Parasite physiology

Parasite physiology is the scientific discipline concerned with the study of the mechanisms and processes that enable parasites to grow and reproduce.

Latest Research and Reviews

News and Comment

  • Research Highlights |

    A recent study shows that phosphatidic acid produced during infection acts as an intrinsic signal that governs natural egress of the parasite Toxoplasma gondii through a guanylate cyclase signalling platform.

    • Ashley York
  • Research Highlights |

    Two recent studies provide new insights into the architecture, molecular mechanisms and function of the Plasmodium translocon of exported proteins (PTEX) complex and the core PTEX protein EXP2.

    • Ashley York
  • News & Views |

    Plasmodium parasites possess a unique PEXEL sorting pathway to deliver secretory proteins into the host cells in which they reside. A new study shows the existence of independent sorting/entry complexes to detect and deliver PEXEL proteins into the parasite endoplasmic reticulum.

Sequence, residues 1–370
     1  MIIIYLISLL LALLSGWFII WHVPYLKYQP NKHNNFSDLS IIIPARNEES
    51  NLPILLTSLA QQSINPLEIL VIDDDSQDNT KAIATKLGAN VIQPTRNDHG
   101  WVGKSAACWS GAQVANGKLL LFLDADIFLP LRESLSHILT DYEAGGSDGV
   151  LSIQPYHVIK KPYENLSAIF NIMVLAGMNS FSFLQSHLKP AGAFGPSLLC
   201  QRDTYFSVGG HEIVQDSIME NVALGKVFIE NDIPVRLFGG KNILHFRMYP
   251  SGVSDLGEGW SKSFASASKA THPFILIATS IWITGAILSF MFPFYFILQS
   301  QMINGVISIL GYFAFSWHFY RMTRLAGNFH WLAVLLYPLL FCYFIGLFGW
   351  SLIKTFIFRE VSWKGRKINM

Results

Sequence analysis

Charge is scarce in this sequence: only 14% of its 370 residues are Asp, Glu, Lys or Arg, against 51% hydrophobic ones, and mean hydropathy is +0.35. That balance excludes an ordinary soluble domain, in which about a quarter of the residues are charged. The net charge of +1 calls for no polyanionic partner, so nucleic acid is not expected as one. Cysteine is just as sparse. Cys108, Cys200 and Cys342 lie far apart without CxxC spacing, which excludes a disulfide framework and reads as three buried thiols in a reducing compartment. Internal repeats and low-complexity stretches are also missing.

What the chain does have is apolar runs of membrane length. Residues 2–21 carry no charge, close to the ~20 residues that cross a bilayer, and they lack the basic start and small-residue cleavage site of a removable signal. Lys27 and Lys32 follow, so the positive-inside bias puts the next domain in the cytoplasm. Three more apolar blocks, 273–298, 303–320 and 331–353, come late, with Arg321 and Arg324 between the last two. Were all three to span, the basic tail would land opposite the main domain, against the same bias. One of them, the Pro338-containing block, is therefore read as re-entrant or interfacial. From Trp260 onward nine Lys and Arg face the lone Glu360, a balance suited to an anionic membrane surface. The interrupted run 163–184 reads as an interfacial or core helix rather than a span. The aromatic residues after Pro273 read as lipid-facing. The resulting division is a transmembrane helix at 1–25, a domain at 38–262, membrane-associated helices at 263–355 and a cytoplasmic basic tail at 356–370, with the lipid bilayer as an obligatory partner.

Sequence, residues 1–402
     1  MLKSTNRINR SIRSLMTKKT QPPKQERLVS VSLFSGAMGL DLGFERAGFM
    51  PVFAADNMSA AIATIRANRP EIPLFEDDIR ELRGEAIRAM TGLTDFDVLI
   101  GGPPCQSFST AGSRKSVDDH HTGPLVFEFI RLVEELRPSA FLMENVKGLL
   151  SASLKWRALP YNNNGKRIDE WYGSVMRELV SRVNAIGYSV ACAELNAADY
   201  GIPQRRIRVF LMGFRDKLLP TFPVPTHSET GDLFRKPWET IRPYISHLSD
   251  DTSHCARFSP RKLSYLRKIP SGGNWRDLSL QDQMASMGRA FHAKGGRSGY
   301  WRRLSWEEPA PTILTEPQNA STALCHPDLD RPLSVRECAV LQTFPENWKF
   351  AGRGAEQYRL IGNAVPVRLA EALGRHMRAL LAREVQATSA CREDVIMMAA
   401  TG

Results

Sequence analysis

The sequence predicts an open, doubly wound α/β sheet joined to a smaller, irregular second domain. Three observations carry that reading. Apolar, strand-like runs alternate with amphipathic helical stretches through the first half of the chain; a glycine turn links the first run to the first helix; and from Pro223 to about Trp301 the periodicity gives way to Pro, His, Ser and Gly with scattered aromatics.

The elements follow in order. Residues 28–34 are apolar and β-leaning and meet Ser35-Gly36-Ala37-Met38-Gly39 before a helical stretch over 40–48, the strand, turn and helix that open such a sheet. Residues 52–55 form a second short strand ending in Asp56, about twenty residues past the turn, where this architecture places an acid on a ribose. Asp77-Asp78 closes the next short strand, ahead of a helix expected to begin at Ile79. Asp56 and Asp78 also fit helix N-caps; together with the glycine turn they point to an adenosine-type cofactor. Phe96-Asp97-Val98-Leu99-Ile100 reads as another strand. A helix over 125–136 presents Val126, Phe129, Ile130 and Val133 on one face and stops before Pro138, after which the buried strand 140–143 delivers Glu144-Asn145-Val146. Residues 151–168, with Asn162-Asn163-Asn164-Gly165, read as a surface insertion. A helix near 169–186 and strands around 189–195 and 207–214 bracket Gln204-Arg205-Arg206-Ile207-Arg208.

• Martin R. Pool
    •  & Ilaria Russo
    Nature Microbiology 3, 969-970
  • News & Views |

    What evolutionary strategies are used by parasites to flourish for long periods within their mammalian hosts? These are questions that have been addressed by Pinger et al. in a recent study that identifies variable O-glycosylation as a novel immune-evasion mechanism employed by African trypanosomes.

    • Mark Carrington
    •  & Matthew K. Higgins
    Nature Microbiology 3, 856-857